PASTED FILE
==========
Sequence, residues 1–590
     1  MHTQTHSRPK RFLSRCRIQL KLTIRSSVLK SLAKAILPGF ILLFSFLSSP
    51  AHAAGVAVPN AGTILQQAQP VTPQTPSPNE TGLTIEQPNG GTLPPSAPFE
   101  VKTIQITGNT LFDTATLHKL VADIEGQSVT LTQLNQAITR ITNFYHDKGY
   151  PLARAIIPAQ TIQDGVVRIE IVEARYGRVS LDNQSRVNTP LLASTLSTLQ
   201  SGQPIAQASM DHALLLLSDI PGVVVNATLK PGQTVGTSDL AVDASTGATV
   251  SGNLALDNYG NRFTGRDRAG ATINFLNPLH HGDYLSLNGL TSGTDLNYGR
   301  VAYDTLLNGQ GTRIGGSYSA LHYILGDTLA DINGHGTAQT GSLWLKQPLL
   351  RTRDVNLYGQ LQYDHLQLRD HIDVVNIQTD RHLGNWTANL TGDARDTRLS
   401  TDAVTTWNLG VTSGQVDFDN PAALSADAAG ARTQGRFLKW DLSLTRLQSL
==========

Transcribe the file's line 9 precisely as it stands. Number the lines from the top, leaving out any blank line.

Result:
   351  RTRDVNLYGQ LQYDHLQLRD HIDVVNIQTD RHLGNWTANL TGDARDTRLS